Difference between Liquid and Aqueous

In physics, the liquid is a condition of matter without a defined shape but with a known volume. Liquid has no set shape. Small particles such as atoms, molecules, and compounds make up liquid, and chemical bonds hold them together.

Molecules that can move freely inside a substance, but are loosely bonded by intra-molecular forces make up one of the four major states of matter. The shape of a liquid might change depending on the container it is in. This is because liquids don’t have a set shape like solids. Because pressure is transferred from one point to another, unlike a gas, the volume of a liquid normally remains constant. Only slightly changes under pressure.

A water-based system is referred to as aqueous. A solution or mixture in which water serves as the solvent is referred to as aqueous. We write (aq.) after the chemical name to state that it has been dissolved in water.

Introduction to Liquid

The other three forms of matter are solid, gas, and plasma with liquid being the fourth. Everything that can be described as a liquid also applies to solids. Molecules in a liquid are significantly more liberated than those in a solid. Liquid molecules do not have to be permanently bound together like solid ones. This allows liquid to flow while solids remain stiff.

When it comes to fluid qualities, a liquid is no different than a gas. Even though liquids flow, they can take on the shape of containers. They distribute applied pressure evenly across the entire container if placed in a sealed container. If you put liquid in a bag, you can squeeze it into any form you want. This means that it has about the same volume at all pressures. Liquids do not expand to fill container space like gases do, but instead create their own surface. Liquids also do not always mix well with one another. In hydraulics, a liquid with these characteristics is ideal.

Introduction to Aqueous

Water dissolves a chemical to form an aqueous solution. Aqueous solutions are used in labs and industry. Water, which is the solvent in this situation since it is present in a bigger quantity, is mixed with the chemical known as the solute. Water is the only solvent in all aqueous solutions, hence they are all liquids. Water and ordinary table salt are combined to generate a solution known as NaCl (aq.). By including (aq.) after the name, the substance is identified as aqueous. There are two types of substances: 

  • Hydrophobic
  • Hydrophilic

It’s important to know the difference between hydrophobic and hydrophilic substances since hydrophobic substances are afraid of water and hydrophilic substances are attracted to it. Aqueous solutions are what acids and bases are, according to their definitions. Dissolvability is governed by the strength of an object’s attractive forces compared to those generated by water molecules. The precipitate is formed when a material does not dissolve in water. While mostly precipitates are visible to the naked eye, you can observe them under a digital microscope for detailed imaging. Electricity can be conducted and efficiently conducted in aqueous solutions with strong electrolytes. Solutions with weak electrolytes have low electrical conductivity. Water completely ionizes good conductors, but poor conductors only display a modest degree of ionization. Poor conductors: Bleach, blood, paint, and milk are all examples of aqueous solutions.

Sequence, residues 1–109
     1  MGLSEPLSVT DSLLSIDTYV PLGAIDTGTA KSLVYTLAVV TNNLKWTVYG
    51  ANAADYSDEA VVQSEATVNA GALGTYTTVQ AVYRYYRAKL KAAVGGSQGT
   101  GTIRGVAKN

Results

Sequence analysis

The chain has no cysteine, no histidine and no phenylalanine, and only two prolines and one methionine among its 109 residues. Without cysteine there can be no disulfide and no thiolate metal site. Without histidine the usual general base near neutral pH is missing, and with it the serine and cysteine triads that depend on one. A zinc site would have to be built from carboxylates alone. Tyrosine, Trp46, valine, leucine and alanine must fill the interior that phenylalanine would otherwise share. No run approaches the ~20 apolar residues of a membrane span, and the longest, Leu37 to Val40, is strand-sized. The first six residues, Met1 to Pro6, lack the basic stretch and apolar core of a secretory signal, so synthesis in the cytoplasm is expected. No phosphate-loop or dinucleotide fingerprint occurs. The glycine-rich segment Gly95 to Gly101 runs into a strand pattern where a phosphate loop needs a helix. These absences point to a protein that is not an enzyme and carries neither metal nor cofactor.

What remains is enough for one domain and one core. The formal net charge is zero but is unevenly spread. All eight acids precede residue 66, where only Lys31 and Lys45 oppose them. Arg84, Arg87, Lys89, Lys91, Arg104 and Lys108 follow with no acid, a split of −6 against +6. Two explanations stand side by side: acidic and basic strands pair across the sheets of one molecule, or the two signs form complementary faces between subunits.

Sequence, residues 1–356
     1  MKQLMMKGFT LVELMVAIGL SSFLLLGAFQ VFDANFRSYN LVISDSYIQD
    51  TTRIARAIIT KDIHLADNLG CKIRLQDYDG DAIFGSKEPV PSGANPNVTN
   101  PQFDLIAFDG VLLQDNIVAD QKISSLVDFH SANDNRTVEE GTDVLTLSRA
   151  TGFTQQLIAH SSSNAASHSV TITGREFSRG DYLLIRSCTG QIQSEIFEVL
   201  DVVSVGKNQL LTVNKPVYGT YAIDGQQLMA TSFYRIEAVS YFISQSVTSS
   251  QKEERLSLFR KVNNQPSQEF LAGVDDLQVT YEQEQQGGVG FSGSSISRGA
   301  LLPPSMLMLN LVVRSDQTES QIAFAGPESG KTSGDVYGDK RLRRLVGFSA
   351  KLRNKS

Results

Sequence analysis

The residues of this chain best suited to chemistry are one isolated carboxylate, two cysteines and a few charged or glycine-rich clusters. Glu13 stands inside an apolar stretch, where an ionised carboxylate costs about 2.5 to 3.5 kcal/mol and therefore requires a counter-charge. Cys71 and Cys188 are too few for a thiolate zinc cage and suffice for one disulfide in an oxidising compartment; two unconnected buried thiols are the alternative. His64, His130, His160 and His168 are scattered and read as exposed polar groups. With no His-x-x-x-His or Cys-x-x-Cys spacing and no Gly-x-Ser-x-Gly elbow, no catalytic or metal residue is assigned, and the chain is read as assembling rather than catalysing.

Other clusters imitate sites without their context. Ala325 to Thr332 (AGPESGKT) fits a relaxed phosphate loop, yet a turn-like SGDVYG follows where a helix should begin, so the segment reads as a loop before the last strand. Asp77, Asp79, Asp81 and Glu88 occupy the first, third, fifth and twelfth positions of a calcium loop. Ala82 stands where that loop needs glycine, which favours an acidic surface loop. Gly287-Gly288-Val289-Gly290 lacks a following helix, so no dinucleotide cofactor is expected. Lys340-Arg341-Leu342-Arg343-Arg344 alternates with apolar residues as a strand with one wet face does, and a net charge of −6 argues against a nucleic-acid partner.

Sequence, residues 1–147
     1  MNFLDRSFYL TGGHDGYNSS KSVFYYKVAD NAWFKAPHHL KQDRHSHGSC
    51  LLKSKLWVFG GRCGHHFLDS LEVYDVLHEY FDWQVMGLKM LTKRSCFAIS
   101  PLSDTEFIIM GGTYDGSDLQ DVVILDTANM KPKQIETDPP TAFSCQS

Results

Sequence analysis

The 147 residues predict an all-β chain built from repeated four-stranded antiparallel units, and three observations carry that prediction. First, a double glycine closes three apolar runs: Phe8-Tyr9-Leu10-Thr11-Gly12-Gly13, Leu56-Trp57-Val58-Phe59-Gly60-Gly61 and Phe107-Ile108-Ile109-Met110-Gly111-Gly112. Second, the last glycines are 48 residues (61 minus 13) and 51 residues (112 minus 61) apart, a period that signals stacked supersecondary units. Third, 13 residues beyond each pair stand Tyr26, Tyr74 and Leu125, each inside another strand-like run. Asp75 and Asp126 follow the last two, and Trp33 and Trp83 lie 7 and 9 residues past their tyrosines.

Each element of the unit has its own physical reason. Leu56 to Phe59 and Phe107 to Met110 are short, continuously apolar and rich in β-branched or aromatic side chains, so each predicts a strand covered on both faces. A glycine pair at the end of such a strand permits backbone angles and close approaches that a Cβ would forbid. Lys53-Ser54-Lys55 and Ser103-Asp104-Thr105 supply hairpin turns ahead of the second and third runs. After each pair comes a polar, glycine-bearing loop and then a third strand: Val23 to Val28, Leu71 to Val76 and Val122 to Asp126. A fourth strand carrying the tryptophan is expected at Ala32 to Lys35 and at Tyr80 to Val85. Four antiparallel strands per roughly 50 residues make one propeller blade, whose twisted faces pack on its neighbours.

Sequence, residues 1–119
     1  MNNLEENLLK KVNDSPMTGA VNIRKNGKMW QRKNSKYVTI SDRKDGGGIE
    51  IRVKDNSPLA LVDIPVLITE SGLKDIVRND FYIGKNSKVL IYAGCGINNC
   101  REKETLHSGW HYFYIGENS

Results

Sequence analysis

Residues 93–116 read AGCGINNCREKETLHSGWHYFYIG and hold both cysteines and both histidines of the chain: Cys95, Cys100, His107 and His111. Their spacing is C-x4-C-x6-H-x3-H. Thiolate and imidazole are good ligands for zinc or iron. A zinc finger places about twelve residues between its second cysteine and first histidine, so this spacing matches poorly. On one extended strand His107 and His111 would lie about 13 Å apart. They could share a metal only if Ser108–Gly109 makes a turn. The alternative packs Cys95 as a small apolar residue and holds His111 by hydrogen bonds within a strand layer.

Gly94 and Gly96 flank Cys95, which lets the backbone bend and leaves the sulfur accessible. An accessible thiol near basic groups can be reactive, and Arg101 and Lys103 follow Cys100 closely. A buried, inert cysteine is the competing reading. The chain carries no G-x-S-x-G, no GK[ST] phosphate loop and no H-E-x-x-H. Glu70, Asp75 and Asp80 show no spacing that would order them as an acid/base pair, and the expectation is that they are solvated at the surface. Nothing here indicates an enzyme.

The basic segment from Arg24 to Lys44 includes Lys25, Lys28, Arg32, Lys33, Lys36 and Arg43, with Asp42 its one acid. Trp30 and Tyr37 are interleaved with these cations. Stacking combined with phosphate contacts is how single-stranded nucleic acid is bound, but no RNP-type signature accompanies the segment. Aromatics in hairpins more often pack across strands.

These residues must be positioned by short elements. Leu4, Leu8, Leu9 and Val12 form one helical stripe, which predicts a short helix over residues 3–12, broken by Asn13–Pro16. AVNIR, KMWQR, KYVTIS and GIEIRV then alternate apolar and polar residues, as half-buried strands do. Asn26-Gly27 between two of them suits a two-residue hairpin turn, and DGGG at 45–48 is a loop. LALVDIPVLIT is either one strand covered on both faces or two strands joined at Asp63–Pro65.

General Properties of Liquid

There are the following properties of liquids.

Capillary Action

Capillary action can be defined as the ascent of liquids through a thin tube, cylinder, or porous substance due to the interaction of adhesive and cohesive forces between the liquid and the surface. A liquid has capillary action when the intermolecular interaction between its molecules is weaker than the surface of the substance with which it is interacting. The volume of liquid elevated will also be determined by the container’s diameter and gravitational forces.

Cohesive and adhesive forces

This phrase does not apply to discussions of atomic and molecular qualities because cohesive and adhesive forces are linked to bulk (or macroscopic) properties. Whenever a liquid is brought into contact with a surface, it is subjected to the forces of cohesion and adhesion. These forces are in charge of determining the final shape of the liquid.

Contact angle

To determine a surface’s wet-ability, scientists often use the contact angle. With regards to wetting, we’re talking about the investigation of the spread of liquids on solid (or liquid) surfaces, or the capacity of liquids to establish boundary surfaces with solid states. A liquid’s contact angle with solids or liquids, as previously said, determines how well it’s wetted. There is a more wetting tendency when the contact angle or surface tension is smaller.